16

This question already has an answer here:

I have an ajax call being made to a php file. I am receiving results. Now I am investigating if it is possible to have the ajax request automatically perform every 1 second. I am posting the results into input field called hidden. How can I execute the ajax call every three seconds without having to call the function?

    $.ajax({
            type: 'POST',
            url: 'increment.php',
            data: $(this).serialize(),
            dataType: 'json',
            success: function (data) {
                    $('#hidden').val(data);// first set the value     

            }
    });

marked as duplicate by Paul Roub, Ben, Mike Aski, Stanley Cup Phil, itachi May 27 '15 at 20:00

This question has been asked before and already has an answer. If those answers do not fully address your question, please ask a new question.

  • 4
    "Execute an Ajax request every second" No, please don't. :-) – T.J. Crowder Dec 4 '13 at 9:39
  • @T.J.Crowder I know its not good practice. It is just for learning cause. – Code_Ed_Student Dec 4 '13 at 9:40
12

Something you might want to consider is Server Sent Events (SSE's)

This is an HTML5 technology whereby Javascript will "long-poll" a server endpoint (your PHP file) to see if any changes have occurred. Long-polling is basically where JS (I'm not sure if it uses Ajax or another technology) sends a request every second to the endpoint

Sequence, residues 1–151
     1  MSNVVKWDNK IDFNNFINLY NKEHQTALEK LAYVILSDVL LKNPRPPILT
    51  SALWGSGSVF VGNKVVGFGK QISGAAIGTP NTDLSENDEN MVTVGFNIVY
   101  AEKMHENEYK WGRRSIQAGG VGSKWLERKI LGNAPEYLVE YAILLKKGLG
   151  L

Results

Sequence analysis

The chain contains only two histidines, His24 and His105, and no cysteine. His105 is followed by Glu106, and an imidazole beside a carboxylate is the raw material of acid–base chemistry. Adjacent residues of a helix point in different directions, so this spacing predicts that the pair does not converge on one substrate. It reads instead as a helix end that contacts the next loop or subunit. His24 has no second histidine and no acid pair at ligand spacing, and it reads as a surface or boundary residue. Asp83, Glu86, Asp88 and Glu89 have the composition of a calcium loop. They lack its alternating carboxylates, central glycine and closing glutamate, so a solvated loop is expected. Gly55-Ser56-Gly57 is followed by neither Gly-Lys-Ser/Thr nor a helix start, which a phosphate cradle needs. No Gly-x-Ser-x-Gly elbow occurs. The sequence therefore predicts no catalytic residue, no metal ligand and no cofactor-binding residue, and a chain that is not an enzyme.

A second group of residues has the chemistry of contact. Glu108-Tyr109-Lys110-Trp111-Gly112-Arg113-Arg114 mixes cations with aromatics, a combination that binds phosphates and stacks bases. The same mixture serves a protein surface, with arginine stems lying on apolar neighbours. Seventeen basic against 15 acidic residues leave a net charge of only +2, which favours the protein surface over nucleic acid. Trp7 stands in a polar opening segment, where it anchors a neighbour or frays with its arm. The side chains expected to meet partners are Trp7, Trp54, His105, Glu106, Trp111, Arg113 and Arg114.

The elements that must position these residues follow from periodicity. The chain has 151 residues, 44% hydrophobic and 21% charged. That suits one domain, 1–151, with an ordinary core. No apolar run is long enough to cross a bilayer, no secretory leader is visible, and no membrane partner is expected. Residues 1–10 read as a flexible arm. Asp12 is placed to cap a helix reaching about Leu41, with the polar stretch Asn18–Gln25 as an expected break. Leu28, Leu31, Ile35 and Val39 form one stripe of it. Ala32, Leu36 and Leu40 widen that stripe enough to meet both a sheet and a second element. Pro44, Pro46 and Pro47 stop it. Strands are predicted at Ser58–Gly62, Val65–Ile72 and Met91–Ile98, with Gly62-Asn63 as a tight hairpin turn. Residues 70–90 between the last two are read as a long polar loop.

You can try it like this:

#/your_js
var evtSource = new EventSource("increment.php");
evtSource.onmessage = function(e) {
    $('#hidden').val(e.data);
}

To send the data, you can make an ajax call which will send the updated JSON object to the server, like you have:

  $(document).on("click", ".your_object", function(data) {
     $.ajax({
                type: 'POST',
                url: 'increment.php',
                data: $(this).serialize(),
                dataType: 'json'
        });
   });

This will only open an Ajax request when you perform an event, and your app will be "listening" for the response every second. As you are aware, Ajax long-polling is super resource-intensive, so it will be better to look at web-socket stuff if you want true "real-time" technology, but either way, this will be a much more efficient system than just using plain ajax for everything

A caveat here -- you'll have to change your increment.php to handle the different response types

  • I can elaborate more if this is something you're interested in – Richard Peck Dec 4 '13 at 9:52
  • Very Nice, I was not aware of this. I keep checking the increment.php for the number of current rows in a table. I will read more into this – Code_Ed_Student Dec 4 '13 at 9:54
  • +1 interesting to have a HTML5 solution. – Praveen Dec 4 '13 at 9:54
  • I worked with SSE's when we were trying to create some real-time notifications in one of our apps. It felt like a mine-field at first, but it's actually quite simple to do, especially if you're using a framework. If not, it's still quite simple to deploy – Richard Peck Dec 4 '13 at 9:55
  • 1
    Very interesting, but it seems IE/Edge still doesn't support it as of Can I use – DaviG May 10 '17 at 16:03
36